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Emery v. Astrue

December 18, 2008


The opinion of the court was delivered by: Eduardo C. Robreno, J.


Plaintiff Denise M. Emery ("Plaintiff") brought this action under 42 U.S.C. § 405(g), seeking judicial review of the Commissioner of Social Security's final decision denying her application for Disability Insurance Benefits ("DIB") and Supplemental Security Income ("SSI") under Titles II and XVI of the Social Security Act, 42 U.S.C. §§ 401-433, 1381-1383(f). On March 13, 1997, Plaintiff filed an application for DIB, which the Commissioner denied. (Tr. 76, 157.) Plaintiff appealed and was afforded a hearing before an Administrative Law Judge ("ALJ"). (Tr. 84, 86.)

On May 24, 1999, the ALJ denied Plaintiff's DIB claim. (Tr. 36-43.) Plaintiff appealed and the Appeals Council remanded the claim to the ALJ, requiring a more extensive examination of Plaintiff's medical records. (Tr. 90.)

On January 10, 2002, after a second hearing, the ALJ again determined Plaintiff was not entitled to DIB. (Tr. 53.) Plaintiff appealed this decision, and on January 20, 2003, the Appeals Council again remanded the claim to the ALJ for consideration of the updated medical records. (Tr. 110.)

On June 9, 2003, after a hearing conducted by a different ALJ, Plaintiff's DIB claim was denied again. The ALJ found that although Plaintiff's condition limited her ability to perform "the full range of sedentary work, . . . there are a significant number of jobs in the national economy which she could perform." (Tr. 66.)

Plaintiff appealed, and on July 27, 2004, the Appeals Council remanded the claim for a third time, finding that the ALJ did not inquire into possible conflicts between the Vocational Expert's ("VE") evidence and the Dictionary of Occupational Titles ("DOT").

On July 23, 2005, following two additional hearings addressing the Appeals Council's instructions, the ALJ again denied Plaintiff's DIB claim, finding that she was capable of working a significant number of jobs, and thus was not disabled. (Tr. 21.)

Plaintiff appealed again, and on April 18, 2007, the Appeals Council denied Plaintiff's request for review. As a result, the ALJ's findings became the final decision of the Commissioner.

Thereafter, Plaintiff initiated the instant action. This Court referred the case to United States Magistrate Judge Henry S. Perkin for a Report and Recommendation. Judge Perkin recommended that Plaintiff's Request for Review be denied. Plaintiff filed four objections to Judge Perkin's Report and Recommendation, which are presently before the Court.

After careful consideration of the administrative record, the parties' motions for summary judgment, Judge Perkin's Report and Recommendation, and Plaintiff's objections thereto, the Court will overrule Plaintiff's objections and adopt the Report and Recommendation.


Magistrate Judge Perkin comprehensively recounted the facts and procedural history of this case in his Report and Recommendation (doc. no. 13-2). Therefore, this Court will not engage in a repetitive rendering of the case background.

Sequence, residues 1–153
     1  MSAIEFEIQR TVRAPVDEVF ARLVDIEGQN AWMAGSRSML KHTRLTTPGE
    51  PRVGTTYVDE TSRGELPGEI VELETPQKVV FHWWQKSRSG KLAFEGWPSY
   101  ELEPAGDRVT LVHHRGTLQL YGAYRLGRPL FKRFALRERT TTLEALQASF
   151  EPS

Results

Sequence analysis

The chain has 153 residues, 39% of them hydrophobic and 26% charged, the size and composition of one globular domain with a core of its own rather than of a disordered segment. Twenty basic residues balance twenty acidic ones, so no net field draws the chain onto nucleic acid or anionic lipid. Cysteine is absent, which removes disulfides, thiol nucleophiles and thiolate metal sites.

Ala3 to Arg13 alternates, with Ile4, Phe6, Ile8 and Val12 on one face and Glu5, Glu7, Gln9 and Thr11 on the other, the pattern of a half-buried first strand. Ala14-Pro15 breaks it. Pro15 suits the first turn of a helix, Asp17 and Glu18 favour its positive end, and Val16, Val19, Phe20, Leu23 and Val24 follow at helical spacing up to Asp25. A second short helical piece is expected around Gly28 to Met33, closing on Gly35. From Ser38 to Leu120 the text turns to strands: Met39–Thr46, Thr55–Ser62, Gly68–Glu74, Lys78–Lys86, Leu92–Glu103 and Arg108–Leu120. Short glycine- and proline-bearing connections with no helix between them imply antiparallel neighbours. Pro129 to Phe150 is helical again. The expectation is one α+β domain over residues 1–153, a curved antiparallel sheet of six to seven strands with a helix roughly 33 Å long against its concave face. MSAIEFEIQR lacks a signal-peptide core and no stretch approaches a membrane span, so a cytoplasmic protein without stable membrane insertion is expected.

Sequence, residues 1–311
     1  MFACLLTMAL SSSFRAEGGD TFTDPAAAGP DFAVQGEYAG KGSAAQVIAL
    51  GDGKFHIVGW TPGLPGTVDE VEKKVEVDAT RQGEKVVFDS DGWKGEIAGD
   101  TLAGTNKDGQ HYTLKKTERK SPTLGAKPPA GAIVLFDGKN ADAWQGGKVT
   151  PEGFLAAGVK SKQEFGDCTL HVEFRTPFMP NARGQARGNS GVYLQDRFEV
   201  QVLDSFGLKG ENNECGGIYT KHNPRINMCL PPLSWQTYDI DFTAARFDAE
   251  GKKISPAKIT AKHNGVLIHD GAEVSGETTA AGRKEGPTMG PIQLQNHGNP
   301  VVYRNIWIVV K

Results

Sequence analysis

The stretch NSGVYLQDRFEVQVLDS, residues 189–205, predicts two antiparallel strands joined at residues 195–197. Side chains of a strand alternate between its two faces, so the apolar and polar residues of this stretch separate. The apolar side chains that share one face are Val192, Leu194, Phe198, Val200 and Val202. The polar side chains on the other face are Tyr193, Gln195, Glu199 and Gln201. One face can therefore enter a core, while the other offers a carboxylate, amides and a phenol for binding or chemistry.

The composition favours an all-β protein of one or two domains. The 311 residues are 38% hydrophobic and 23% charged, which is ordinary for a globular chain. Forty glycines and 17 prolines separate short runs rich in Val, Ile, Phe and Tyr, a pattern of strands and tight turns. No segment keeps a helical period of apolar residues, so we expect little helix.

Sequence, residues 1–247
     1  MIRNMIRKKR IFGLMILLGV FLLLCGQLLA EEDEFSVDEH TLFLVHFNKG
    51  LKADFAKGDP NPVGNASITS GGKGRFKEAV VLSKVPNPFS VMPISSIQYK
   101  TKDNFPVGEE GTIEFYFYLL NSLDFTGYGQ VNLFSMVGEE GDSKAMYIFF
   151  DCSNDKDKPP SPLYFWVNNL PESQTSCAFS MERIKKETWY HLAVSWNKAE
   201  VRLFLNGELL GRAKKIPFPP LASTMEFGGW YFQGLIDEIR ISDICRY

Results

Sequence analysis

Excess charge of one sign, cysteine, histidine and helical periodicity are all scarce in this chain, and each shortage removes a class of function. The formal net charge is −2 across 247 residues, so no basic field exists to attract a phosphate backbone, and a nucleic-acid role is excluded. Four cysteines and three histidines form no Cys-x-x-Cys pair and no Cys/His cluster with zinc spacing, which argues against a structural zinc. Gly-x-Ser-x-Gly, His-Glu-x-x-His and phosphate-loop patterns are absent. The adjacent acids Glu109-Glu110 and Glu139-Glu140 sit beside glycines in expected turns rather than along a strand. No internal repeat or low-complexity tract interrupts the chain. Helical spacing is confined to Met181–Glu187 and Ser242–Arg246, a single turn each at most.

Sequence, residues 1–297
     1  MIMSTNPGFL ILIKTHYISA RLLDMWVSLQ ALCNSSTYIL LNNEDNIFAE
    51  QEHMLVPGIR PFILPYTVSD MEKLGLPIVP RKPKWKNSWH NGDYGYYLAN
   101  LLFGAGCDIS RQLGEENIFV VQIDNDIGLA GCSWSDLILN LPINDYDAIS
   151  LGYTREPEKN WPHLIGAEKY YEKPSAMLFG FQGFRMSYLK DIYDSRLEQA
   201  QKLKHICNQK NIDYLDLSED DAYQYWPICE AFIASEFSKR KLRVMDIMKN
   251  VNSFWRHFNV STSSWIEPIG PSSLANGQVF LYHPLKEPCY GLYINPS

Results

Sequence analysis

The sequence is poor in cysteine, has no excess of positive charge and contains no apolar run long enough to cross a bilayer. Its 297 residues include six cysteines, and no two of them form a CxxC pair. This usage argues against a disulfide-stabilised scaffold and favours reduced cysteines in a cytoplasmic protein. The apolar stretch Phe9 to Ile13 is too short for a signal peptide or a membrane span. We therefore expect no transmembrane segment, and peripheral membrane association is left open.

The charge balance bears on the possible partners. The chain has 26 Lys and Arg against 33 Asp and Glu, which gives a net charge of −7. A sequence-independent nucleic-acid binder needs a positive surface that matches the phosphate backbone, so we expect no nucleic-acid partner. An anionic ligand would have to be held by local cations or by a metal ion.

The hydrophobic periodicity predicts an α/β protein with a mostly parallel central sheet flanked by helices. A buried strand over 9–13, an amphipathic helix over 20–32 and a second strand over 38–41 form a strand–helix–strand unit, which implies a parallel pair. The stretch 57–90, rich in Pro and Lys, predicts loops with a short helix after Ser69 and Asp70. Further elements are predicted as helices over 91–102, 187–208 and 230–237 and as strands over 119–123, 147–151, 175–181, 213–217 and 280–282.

This Court undertakes a de novo review of the portions of the Report and Recommendation to which Plaintiff has objected.

28 U.S.C. § 636(b)(1); Cont'l Cas. Co. v. Dominick D'Andrea, Inc., 150 F.3d 245, 250 (3d Cir. 1998). The Court "may accept, reject or modify, in whole or in part, the findings or recommendations made by the magistrate judge." 28 U.S.C. § 636(b)(1).

Decisions of an ALJ are upheld if supported by "substantial evidence." Burns v. Barnhart, 312 F.3d 113, 118 (3d Cir. 2002). Substantial evidence is "such relevant evidence as a reasonable mind might accept as adequate to support a conclusion." Pierce v. Underwood, 487 U.S. 552, 565 (1988) (internal quotations and citation omitted). "It is less than a preponderance of the evidence but more than a mere scintilla." Jesurum v. Sec'y of Health & Human Servs., 48 F.3d 114, 117 (3d Cir. 1995) (citing Richardson v. Perales, 402 U.S. 389, 401 (1971)). If the ALJ's decision is supported by substantial evidence, the Court may not set it aside even if the Court would have decided the factual inquiry differently. Hartranft v. Apfel, 181 F.3d 358, 360 (3d Cir. 1999) (citations omitted); see also Rutherford v. Barnhart, 399 F.3d 546, 552 (3d Cir. 2005) ("In the process of reviewing the record for substantial evidence, we may not 'weigh the evidence or substitute [our own] conclusions for those of the fact-finder.'") (quoting Williams v. Sullivan, 970 F.2d 1178, 1182 (3d Cir. 1992)).

Because Magistrate Judge Perkin outlined the standards for establishing a disability under the Social Security Act and summarized the five-step sequential process for evaluating disability claims, the Court will not duplicate these efforts here. Rep. and Recommendation at 3-4; see also Santiago v. Barnhart, No. Civ.A. 03-6460, 2005 WL 851076, at *1 (E.D. Pa. Apr. 12, 2005) ...

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